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Expert Shares Tips For Reversing Your Arthritis

Doctor reveals how to help prevent arthritis and says "we're all at risk."

Everyone can experience joint pain from time to time, but when it becomes constant, chances are it's arthritis. As we age, arthritis, or joint inflammation, can happen and according to the Centers for Disease Control and Prevention, "In the United States, 24% of all adults, or 58.5 million people, have arthritis. It is a leading cause of work disability, with annual costs for medical care and lost earnings of $303.5 billion." Dr. Jacob Hascalovici, the chief medical officer and pain specialist with Clearing explained to Eat This, Not That! Health, "Although there is currently no cure for arthritis, there are more treatment options than ever. The goal of most arthritis treatments is to maintain and restore your joint mobility, while keeping your pain levels low." That said, there are things we can do to help ameliorate arthritis, says Dr. Hascalovici. Read his tips below and read on to ensure your health and the health of others, don't miss these Sure Signs You've Already Had COVID.


Exercise and Physical Therapy

woman doing yoga

Dr. Hascalovici states, "Physical therapy and light exercise can be a part of your arthritis treatment plan. Yoga, in particular, has been shown to provide relief for arthritis pain and restore mobility in clinical trials. A stretching routine prescribed by a professional can reduce the pressure on your joints while helping your body to relax."


Anti-Inflammatory Diet


"Anti-inflammatory diet or nutritional supplements: Inflammation associated with arthritis can sometimes be managed by eating whole, plant-based foods with loads of natural nutrients and fiber. Blueberries, raspberries, pomegranate and strawberry juices may all play a role in relieving arthritis symptoms because of their antioxidant properties," Dr. Hascalovici says. "Natural supplements that may have pain-relieving benefits for arthritis patients include glucosamine, chondroitin and NEM®. I sometimes recommend my patients make dietary changes or try supplements as part of a multi-pronged treatment approach to pain management."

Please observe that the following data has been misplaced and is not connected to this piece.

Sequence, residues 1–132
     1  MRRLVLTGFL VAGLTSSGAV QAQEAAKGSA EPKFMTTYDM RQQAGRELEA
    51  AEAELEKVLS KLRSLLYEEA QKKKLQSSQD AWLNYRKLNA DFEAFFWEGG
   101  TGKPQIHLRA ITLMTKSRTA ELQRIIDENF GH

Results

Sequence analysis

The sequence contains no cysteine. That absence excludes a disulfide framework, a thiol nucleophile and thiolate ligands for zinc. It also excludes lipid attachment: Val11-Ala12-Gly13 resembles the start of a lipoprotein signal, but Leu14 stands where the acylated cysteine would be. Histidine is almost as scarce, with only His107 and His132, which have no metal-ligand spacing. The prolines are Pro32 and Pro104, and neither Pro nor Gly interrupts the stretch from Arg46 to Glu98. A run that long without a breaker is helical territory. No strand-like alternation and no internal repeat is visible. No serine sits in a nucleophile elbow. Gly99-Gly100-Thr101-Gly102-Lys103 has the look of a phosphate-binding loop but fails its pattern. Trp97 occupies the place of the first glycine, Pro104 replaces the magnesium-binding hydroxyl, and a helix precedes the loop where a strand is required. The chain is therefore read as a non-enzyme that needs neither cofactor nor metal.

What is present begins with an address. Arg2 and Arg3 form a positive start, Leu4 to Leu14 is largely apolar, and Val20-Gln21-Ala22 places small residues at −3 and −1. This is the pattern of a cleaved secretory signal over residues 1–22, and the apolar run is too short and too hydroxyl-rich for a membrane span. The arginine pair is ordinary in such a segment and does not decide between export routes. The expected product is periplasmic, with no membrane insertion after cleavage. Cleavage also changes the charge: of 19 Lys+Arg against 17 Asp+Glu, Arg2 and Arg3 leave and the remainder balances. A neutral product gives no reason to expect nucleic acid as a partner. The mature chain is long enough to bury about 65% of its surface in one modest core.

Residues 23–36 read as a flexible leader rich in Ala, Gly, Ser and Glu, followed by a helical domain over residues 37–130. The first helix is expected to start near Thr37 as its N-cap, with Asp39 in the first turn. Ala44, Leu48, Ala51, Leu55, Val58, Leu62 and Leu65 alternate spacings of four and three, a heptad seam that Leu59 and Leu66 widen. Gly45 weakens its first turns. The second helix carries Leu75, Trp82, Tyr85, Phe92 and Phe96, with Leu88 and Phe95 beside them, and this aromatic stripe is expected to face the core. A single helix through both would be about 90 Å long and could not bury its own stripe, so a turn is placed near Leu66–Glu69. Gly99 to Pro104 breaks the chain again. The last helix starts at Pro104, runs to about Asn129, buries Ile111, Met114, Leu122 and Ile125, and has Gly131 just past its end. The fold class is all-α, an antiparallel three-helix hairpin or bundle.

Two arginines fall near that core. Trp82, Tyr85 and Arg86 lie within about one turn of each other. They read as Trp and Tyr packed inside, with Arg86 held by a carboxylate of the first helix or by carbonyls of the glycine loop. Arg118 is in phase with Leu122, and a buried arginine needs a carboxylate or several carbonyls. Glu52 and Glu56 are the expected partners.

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OTC Medications

Pharmacist wearing protective hygienic mask and making drug recommendations in modern pharmacy

According to  Dr. Hascalovici, "Doctors use NSAIDs such as ibuprofen and naproxen to treat many things that cause pain or inflammation, including arthritis. They all reduce pain and inflammation, but each person will experience the pain relief and potential side effects differently."

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Topical Pain Relief Creams

Woman Applying Cream On Skin

Dr. Hascalovici says, "Topical pain relief creams that you rub into your skin may include non-steroidal anti-inflammatory (NSAID) ingredients. Ibuprofen, indomethacin and diclofenac sodium are all ingredients that can reduce inflammation to help reduce your pain level. As a bonus, applying an NSAID pain reliever topically means that there's a lower risk of some side effects that come with popping a pain-relief pill, such as an upset stomach. However, many topicals that have NSAID ingredients require a prescription."

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Who is at Risk for Arthritis?

female doctor in consultation with senior patient

Dr. Hascalovici explains, "Unfortunately, we're all at risk of arthritis as we age, and one out of every four Americans develops some form of arthritis, according to the CDC. People who smoke, have jobs that involve a lot of bending and weight-bearing, who are overweight or obese, or who suffer from joint infections high a higher risk of eventually developing arthritis. Genes and age play a role, too, and women have a higher arthritis risk than men."

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How Arthritis Develops

man holding a hammer to nail concrete floor

"Arthritis has a genetic component, so some of us are predisposed to develop it," Dr. Hascalovici states. "Constant wear and tear on joints, as happens more when people are overweight or work jobs that are tough on joints, can increase the chances of getting arthritis. It can also develop following joint infections."

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How to Help Prevent Arthritis

Unrecognizable woman wearing and adjusting her safety knee protectors pads.

According to Dr. Hascalovici, "If you notice any warmth or redness in your joints, you may want to seek medical attention to deal with a possible infection proactively. You can also help your joints by taking good care of them. Wear protective gear like knee pads, if you're kneeling on your knees a lot, for example. Set up your work environment so you don't bend or lift heavy weights more than necessary. Do your best to avoid falls and joint injuries.  If you smoke, ask yourself if you want to substitute a different stress-management habit, and if you feel you might weigh a little more than you'd like, start walking, swimming, or adding in low-stress activities you like while also preparing anti-inflammatory meals." And to get through this pandemic at your healthiest, don't miss these 35 Places You're Most Likely to Catch COVID.

Heather Newgen
Heather Newgen has two decades of experience reporting and writing about health, fitness, entertainment and travel. Heather currently freelances for several publications. Read more about Heather
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